Between aristocratic follies and the spirit of the Enlightenment, five historic gardens to visit


The arrival of the beautiful season and the lifting of containment measures, despite the restrictions still in force for distant trips, are they not an incentive to move away from home? And if it was in the large, beautiful but often unrecognized historic gardens of the eighteenthe century?

Those that have been preserved to this day are few in number, and they have often suffered from the ravages of time. The fabulous garden of Beaumarchais, in the Marais, in Paris, has disappeared, and the diminished Monceau park has become one of the Parisian public gardens.

And yet, the handful of survivors, restored with care and the object of all the attentions, like the hamlet of the Queen, in Versailles, or threatened for a time, like the Jean-Jacques-Rousseau park, in Ermenonville, have for their today’s visitors have a tremendous power of evocation. History, first of all, aristocratic and… expensive, or heralding, in philosophical gardens, of the upheavals to come. And then poetic, with their ponds reflecting the sky, their caves and waterfalls, their obelisks, pyramids and false ruins, these famous symbolic “factories” punctuating worked landscapes inspired by nature.

To discover these amazing gardens, The Morning takes you to the Duke of Choiseul, to Chanteloup, the Marquis de Girardin, to Ermenonville, Queen Marie-Antoinette, to Versailles, François de Monville, to the Desert of Retz, and to the (very) rich Jean-Joseph de Laborde, in Méréville.

The pagoda of Chanteloup

View of the Chanteloup pagoda, near Amboise, in Touraine.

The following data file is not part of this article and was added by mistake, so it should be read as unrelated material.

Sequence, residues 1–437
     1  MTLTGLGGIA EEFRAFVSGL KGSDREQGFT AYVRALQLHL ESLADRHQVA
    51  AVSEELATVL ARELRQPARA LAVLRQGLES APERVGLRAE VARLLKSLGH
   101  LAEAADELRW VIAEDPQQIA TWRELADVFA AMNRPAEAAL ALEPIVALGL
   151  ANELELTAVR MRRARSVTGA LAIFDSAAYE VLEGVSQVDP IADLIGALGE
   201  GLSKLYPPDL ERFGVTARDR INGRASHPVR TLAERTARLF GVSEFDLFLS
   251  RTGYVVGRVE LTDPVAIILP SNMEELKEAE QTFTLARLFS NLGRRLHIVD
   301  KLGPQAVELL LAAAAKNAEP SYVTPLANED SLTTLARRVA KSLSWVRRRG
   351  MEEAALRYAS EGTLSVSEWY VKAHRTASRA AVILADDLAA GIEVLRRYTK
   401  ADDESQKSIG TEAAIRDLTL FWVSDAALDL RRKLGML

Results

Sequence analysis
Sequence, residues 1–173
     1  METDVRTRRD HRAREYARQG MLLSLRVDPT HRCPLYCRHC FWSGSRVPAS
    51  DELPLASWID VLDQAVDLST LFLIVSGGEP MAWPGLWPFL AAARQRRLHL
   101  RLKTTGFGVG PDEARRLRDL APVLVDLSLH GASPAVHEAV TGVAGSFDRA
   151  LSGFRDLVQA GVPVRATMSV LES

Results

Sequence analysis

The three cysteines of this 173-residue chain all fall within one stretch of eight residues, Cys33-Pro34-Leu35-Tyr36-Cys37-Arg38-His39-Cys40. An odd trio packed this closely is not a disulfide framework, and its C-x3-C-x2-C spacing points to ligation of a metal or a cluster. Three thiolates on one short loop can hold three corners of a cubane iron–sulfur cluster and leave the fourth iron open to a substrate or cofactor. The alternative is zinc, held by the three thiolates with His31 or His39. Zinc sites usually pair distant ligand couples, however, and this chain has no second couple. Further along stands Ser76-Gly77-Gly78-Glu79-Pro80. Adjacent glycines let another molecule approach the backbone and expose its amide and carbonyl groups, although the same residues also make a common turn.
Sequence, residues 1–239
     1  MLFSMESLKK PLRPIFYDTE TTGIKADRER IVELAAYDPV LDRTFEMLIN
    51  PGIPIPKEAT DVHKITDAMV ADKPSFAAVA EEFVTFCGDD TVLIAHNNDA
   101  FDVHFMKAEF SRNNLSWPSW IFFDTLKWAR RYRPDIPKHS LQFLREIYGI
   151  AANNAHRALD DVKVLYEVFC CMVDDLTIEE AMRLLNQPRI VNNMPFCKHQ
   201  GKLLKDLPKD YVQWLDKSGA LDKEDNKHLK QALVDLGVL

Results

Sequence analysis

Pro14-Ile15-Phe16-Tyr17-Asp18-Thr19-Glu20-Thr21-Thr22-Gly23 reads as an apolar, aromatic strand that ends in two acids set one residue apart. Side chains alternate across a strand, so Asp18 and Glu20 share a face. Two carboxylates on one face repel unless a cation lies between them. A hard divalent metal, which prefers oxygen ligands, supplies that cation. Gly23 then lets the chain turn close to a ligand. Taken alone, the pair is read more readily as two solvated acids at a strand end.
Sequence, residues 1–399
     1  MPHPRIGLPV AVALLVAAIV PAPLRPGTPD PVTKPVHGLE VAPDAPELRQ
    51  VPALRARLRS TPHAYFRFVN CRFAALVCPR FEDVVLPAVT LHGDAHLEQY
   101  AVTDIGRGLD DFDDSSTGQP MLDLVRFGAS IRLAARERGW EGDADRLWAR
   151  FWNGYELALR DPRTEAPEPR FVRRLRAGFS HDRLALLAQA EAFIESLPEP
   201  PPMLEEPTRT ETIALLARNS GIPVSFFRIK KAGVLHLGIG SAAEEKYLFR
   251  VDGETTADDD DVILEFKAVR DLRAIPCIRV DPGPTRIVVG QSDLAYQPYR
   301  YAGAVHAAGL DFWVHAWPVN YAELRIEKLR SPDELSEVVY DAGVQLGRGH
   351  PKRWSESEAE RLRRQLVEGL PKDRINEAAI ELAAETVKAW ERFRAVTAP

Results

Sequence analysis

Between 1770 and 1774, the Duke of Choiseul, former minister of Louis XV who fell out of favor, went into exile in his domain of Chanteloup, in Touraine, near Amboise. The pagoda that can be seen there today, of Anglo-Chinese inspiration, but of Louis XVI style, was erected in 1775, dedicated to the recognition and friendship that his visitors. Possessed successively by the chemist Chaptal – before the castle was destroyed in 1823 – and then by the future King Louis-Philippe, since 1913 it has belonged to the descendants of the landscaper Edouard André (1840-1911).

Over the past century, they have worked to restore it and recreate the original basin, in a half-moon shape, which can be admired today, as well as the large lawn with lawn bowls which occupies the space of the old canal. You have to climb to the top of the building: the view is breathtaking over the park, the forest, with its seven forest paths in crow’s feet, and the Château d’Amboise. The former concierge’s pavilion houses a small iconographic museum, showing plans of the ancient gardens and the palace. A small Chinese-inspired garden completes the visit.

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